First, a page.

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to Quark or not to Quark??

Posted: Thu Aug 17, 2017 10:29 pm
by Eddie
Hello! my name is Eddie, i am new to Charlie Bates, love the movement, i live just outside of Toronto Canada an have been an avid amateur astronomer my whole life practically, in the last year i have discovered a passion for solar after looking through a PST. One week later i bought a PST and loved it, a month later i bought a Lunt 60 tilt tuned and b1200 with feather touch, loved that, then recently had it pressure tune retrofitted by Lunt which i greatly enjoy, however, my first choice was a Quark when i was shopping around originally.

Unfortunately i was discouraged by the endless negative reviews i read online about Daystars quality control, they seem to be fantastic when they work, if there are those out there who would be willing to lend their knowledge and experience i greatly appreciate it. Basically what I'm asking is, would anyone out there sell their Lunt LS60 for a Quark Chromosphere if they were offered a good one? I'm curious, i intend on imaging soon and i realize that full disc is not easy with the quark and thats ok. Has Daystar corrected their issues? its confusing because in the heap of negative reviews, there are those who would not trade their quark for anything and swear it blows away any dedicated scope they've owned.

Thank you!!

Re: to Quark or not to Quark??

Posted: Fri Aug 18, 2017 8:08 am
by _Zakalwe
No, I wouldn't swap my Lunt L60 for a Quark, because they both do different things. The Lunt is brilliant for full disc shots, and can be Barlowed up to get in closer. The Quark is limited to close in shots.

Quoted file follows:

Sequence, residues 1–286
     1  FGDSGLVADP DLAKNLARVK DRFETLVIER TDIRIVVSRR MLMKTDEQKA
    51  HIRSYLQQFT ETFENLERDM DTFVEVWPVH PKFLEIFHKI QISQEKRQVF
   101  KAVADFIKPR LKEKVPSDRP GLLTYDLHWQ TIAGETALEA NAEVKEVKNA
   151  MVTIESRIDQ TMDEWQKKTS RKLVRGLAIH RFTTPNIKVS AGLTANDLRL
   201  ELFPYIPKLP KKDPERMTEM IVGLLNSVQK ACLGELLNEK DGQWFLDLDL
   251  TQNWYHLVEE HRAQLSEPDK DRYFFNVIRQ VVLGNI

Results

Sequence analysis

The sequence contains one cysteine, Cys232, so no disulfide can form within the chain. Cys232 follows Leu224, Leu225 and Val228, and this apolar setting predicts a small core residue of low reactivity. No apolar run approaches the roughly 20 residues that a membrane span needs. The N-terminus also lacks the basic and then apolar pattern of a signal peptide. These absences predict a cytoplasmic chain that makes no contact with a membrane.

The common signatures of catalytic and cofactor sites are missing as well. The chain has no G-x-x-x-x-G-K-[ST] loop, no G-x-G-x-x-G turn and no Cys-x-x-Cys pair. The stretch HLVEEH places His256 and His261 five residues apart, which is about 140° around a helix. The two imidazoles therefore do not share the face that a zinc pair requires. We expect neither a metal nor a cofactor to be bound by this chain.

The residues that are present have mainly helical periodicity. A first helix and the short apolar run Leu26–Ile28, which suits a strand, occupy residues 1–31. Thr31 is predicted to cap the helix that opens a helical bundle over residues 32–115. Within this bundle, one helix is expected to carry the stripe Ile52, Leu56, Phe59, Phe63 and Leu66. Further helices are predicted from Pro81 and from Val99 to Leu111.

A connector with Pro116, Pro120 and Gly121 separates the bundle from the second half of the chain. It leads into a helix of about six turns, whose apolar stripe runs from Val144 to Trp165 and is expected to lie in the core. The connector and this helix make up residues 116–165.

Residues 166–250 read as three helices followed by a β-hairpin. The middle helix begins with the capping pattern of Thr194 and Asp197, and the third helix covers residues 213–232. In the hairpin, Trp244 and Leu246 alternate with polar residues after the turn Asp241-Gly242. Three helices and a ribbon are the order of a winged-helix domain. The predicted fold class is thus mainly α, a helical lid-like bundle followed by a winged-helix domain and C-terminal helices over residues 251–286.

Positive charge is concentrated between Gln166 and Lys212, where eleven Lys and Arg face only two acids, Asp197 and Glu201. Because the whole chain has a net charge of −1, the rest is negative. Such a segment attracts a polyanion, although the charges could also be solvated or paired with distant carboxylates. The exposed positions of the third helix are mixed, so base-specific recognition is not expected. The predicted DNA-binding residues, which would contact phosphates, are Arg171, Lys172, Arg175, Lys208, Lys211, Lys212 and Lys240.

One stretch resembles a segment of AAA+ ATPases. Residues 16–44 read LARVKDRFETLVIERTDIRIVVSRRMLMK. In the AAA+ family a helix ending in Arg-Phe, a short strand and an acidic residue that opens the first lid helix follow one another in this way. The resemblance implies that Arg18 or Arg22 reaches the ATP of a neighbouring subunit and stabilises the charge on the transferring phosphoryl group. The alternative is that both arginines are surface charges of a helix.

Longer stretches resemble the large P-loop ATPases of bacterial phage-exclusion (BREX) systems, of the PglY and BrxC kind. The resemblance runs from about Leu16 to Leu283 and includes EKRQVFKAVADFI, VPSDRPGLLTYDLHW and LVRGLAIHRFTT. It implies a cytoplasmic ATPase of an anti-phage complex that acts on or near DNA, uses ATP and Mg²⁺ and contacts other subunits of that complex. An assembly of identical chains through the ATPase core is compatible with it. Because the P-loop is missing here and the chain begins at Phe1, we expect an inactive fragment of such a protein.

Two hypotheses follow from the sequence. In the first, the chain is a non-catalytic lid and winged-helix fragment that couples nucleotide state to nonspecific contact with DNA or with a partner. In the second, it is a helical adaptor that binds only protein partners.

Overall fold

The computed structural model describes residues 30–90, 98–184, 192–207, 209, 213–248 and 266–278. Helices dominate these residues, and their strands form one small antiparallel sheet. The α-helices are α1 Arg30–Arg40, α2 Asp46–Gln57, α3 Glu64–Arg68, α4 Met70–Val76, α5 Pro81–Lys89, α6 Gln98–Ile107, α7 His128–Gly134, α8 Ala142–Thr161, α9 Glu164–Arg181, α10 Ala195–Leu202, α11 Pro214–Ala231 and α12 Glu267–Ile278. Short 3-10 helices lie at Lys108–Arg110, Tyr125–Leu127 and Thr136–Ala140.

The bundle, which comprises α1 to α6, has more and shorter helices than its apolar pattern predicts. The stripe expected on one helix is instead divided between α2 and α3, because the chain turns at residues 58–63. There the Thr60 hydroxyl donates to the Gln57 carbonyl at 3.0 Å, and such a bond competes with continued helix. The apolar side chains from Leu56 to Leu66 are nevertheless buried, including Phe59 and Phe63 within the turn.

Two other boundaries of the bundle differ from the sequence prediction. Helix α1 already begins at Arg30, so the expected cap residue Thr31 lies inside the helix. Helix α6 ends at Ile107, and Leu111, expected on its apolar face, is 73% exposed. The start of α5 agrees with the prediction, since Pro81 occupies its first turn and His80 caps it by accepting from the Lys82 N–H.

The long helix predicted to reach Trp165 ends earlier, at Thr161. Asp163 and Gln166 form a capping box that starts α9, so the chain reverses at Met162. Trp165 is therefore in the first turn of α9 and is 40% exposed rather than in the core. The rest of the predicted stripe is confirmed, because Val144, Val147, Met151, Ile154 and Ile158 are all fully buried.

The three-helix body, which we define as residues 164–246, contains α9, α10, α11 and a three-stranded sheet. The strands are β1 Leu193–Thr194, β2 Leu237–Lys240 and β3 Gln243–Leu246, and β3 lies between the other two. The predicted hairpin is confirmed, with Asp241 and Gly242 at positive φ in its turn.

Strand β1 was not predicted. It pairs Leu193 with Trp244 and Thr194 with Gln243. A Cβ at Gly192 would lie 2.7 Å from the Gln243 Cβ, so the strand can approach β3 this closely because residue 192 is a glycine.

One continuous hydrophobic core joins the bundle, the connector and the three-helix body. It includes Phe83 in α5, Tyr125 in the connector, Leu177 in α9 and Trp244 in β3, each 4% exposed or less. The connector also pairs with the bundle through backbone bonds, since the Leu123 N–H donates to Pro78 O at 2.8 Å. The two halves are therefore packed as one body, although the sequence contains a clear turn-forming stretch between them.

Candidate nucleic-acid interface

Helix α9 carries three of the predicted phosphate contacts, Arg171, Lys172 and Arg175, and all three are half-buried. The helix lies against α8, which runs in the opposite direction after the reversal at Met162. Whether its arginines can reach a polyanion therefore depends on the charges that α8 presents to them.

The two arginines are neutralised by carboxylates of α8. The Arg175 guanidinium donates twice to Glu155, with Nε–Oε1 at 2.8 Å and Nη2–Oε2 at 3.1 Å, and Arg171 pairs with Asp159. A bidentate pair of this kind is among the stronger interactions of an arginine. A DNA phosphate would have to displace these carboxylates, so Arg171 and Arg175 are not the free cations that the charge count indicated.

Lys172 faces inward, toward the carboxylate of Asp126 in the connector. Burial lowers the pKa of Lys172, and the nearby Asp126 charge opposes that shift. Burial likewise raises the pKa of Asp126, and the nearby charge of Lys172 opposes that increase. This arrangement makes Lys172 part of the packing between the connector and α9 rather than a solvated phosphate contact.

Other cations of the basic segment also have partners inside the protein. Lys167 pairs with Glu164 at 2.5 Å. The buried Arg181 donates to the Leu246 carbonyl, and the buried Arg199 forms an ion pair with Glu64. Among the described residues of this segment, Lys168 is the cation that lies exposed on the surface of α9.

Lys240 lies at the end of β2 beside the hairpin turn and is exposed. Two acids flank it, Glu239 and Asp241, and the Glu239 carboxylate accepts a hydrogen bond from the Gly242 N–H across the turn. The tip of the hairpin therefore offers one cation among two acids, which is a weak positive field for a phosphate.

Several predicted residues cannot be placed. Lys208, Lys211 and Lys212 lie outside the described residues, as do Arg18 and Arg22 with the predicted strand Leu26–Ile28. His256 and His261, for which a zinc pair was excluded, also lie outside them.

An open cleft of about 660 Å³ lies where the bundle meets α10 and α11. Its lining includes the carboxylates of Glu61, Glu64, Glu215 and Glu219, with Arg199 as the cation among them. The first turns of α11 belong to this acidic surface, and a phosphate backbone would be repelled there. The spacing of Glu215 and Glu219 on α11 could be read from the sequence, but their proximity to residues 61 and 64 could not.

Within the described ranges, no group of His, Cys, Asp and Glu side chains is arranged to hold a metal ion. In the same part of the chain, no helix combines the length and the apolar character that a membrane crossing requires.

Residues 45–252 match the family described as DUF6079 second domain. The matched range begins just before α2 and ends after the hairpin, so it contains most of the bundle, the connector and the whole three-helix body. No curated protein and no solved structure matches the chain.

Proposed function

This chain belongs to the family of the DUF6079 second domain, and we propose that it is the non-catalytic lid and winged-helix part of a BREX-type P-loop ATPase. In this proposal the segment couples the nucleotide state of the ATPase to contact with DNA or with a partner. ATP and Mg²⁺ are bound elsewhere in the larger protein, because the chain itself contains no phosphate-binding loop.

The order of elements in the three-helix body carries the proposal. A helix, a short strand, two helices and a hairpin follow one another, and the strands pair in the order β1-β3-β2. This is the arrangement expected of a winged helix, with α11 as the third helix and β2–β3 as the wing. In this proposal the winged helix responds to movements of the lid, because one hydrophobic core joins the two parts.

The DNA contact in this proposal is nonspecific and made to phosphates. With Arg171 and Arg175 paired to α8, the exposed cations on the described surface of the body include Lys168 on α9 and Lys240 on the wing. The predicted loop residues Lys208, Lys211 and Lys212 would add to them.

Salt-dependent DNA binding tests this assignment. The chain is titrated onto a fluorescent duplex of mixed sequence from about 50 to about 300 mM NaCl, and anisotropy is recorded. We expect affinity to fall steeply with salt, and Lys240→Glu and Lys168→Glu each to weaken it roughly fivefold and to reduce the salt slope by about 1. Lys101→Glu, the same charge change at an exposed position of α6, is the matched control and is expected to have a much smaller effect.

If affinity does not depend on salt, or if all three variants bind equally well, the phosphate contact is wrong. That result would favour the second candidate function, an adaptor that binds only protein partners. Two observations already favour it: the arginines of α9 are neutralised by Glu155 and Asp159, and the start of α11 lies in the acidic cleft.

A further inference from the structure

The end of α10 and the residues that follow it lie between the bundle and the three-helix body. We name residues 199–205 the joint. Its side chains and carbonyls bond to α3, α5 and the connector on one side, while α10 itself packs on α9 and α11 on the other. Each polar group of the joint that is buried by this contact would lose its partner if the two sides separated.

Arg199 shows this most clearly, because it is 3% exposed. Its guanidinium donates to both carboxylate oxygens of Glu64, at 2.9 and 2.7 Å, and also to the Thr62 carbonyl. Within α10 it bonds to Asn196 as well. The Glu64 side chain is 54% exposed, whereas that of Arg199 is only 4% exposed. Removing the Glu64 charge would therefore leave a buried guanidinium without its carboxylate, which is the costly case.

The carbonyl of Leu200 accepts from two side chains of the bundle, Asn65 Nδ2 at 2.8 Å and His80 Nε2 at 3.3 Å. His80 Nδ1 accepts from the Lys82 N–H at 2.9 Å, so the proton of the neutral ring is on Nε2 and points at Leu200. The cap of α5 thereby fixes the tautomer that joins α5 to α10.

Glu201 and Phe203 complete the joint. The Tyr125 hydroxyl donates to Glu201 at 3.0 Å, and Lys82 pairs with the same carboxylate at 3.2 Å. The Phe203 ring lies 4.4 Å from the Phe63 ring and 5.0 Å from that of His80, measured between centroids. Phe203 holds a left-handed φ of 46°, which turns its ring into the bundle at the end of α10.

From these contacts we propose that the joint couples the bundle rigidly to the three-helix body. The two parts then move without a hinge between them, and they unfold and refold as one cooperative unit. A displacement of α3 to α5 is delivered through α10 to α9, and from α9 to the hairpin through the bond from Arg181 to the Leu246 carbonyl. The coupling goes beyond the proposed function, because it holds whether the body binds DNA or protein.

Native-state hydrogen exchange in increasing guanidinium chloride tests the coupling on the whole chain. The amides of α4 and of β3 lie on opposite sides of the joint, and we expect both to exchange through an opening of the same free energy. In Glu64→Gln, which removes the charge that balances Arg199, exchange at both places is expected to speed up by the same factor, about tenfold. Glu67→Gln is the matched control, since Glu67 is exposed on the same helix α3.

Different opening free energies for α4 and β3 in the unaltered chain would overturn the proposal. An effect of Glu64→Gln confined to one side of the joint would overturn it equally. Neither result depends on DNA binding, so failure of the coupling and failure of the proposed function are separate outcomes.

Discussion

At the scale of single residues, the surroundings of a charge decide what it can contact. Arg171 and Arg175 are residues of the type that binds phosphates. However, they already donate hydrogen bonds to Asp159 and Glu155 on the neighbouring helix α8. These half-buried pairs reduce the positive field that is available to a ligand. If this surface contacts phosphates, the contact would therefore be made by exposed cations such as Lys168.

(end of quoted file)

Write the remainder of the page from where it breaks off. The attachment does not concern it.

The Lunt is better when the conditions are poor as the focal length is a lot shorter. plus you can grab some data very quickly in the Lunt whereas you might miss the opportunity waiting for the Quark to come onto band.

I consider myself very fortunate to be able to have both. I did recently get an opportunity to get another Quark and I was amazed by the difference in them. The views and data are completely different. There seems to be a lot of variability with these things, so I'd recommend buying from a vendor that will accept a return without any hassle.

I also think that the learning curve is steeper on the Quark. It's much harder to get sharp focus, is much more dependant on good seeing and it really needs an electric focus unit. I was glad to have a few years of solar experience under my belt before getting a Quark. Even then, the first few sessions were frustrating.

Re: to Quark or not to Quark??

Posted: Fri Aug 18, 2017 11:02 pm
by Eddie
Great information thank you!

Re: to Quark or not to Quark??

Posted: Sun Aug 20, 2017 2:23 am
by MapleRidge
Hi Eddie...

Welcome to the will find a few here from Southern Ontario, and I am located near Lindsay, ON.

The comments about where the two systems fit posted by Stephen are very accurate. The LS60 is an excellent, all in one scope that can do many jobs form full disk to higher resolution with barlows. The hi-res is limited by the 60mm aperture and just how much effective magnification you can pull out of the scope.

The Quark has had issues, but the good ones really show excellent results on larger apertures. Keep this filter to do medium to higher res imaging on larger apertures scopes in good seeing and it will pull off excellent images.

There are learning curves to each filter, camera, and processing steps...always more to learn here.

I have multiple solar scopes/filters, but the 80mm DS Lunt is my times it out performs the 150mm and 250mm Ha filtered scopes.